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Switch Point and First-Mover Advantage: The Case of the Wind Turbine Industry

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Why has the EU been so eager to continue the climate negotiations? Can it be solely attributed to the EU feeling morally obliged to be the main initiator of continued progress on the climate change negotiations, or can industrial interests in the EU, at least partly, explain the behaviour of the EU? We suggest that the individual member countries in the EU, such as Germany and Denmark, have a rational economic interest in forcing the technological development of renewable energy sources to get a first-mover advantage. Here, the Kyoto Protocol, which imposes binding greenhouse gas reductions on 38 OECD countries, implies that, as a first-mover, the EU will potentially sell the necessary new renewable technologies, most prominently wind mills, to other countries. In the latest EU proposal made in Johannesburg, the EU pushed for setting a target of 15% of all energy to come from sources such as windmills, solar panels and waves by 2015. Such a political target level would further the EU’s interests globally, and could suggest, in economic terms, why the EU eagerly promotes greenhouse gas trade at a global level. In contrast, the US has left the Kyoto agreement to save the import costs of buying the EU’s renewable energy systems.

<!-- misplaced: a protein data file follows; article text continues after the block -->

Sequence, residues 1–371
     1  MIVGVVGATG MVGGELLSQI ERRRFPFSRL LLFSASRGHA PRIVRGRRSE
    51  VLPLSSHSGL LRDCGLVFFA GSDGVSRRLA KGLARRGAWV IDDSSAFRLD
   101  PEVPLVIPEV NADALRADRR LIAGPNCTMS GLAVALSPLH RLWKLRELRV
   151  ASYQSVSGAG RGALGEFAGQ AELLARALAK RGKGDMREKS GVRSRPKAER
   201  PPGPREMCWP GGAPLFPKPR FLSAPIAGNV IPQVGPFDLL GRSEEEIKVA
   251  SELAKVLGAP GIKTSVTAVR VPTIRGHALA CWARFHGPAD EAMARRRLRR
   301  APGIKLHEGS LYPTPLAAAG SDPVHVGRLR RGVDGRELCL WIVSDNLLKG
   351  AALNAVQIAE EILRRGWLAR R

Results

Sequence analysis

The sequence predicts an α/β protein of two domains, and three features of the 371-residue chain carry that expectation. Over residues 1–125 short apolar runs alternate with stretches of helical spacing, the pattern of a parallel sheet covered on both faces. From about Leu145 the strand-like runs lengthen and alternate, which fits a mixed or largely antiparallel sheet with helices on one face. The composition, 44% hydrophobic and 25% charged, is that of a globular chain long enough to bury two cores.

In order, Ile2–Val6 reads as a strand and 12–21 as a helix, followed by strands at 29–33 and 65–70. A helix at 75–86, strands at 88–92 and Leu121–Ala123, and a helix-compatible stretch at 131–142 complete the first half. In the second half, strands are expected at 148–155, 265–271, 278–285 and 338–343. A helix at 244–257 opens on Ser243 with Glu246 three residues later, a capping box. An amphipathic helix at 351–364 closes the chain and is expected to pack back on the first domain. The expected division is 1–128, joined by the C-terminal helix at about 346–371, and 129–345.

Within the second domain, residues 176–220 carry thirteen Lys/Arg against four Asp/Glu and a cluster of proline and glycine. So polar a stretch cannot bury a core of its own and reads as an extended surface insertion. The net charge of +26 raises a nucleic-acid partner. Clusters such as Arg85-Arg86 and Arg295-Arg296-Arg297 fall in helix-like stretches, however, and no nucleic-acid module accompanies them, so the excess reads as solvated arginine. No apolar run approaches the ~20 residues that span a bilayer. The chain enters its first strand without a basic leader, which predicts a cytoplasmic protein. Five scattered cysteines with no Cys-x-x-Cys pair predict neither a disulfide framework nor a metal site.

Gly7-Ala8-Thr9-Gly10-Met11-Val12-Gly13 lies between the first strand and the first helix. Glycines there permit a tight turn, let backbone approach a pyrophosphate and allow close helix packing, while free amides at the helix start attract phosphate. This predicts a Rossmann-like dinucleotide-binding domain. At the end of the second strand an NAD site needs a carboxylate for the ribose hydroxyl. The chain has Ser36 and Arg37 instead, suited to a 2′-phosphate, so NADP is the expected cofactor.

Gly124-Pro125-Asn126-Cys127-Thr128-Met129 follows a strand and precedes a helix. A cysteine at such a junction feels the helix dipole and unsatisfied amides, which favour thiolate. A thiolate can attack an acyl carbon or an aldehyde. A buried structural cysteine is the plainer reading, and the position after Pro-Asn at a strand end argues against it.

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Paper provided by University of Aarhus, Aarhus School of Business, Department of Economics in its series Working Papers with number 04-2.

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Length: 22 pages
Date of creation: 26 May 2004
Date of revision:
Handle: RePEc:hhs:aareco:2004_002

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Keywords: Political economy; switch point; first mover advantage; wind turbine industry; greenhouse gases; Kyoto Protocol; EU;

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  1. William D. Nordhaus & Joseph G. Boyer, 1999. "Requiem for Kyoto: An Economic Analysis of the Kyoto Protocol," The Energy Journal, International Association for Energy Economics, vol. 0(Special I), pages 93-130.
  2. Zhang, ZhongXiang, 2000. "An assessment of the EU proposal for ceilings on the use of Kyoto flexibility mechanisms," MPRA Paper 13151, University Library of Munich, Germany.
  3. Jørgen Hansen & Camilla Jensen & Erik Madsen, 2003. "The establishment of the danish windmill industry—Was it worthwhile?," Review of World Economics (Weltwirtschaftliches Archiv), Springer, vol. 139(2), pages 324-347, June.
  4. Hoel, Michael, 1991. "Global environmental problems: The effects of unilateral actions taken by one country," Journal of Environmental Economics and Management, Elsevier, vol. 20(1), pages 55-70, January.
  5. Urs Steiner Brandt & Gert Tinggaard Svendsen, 2003. "Hot Air as an Implicit Side Payment Arrangement: Could a Hot Air Provision have Saved the Kyoto-Agreement?," Working Papers 42/03, University of Southern Denmark, Department of Environmental and Business Economics.
  6. Grubler, Arnulf & Nakicenovic, Nebojsa & Victor, David G., 1999. "Dynamics of energy technologies and global change," Energy Policy, Elsevier, vol. 27(5), pages 247-280, May.
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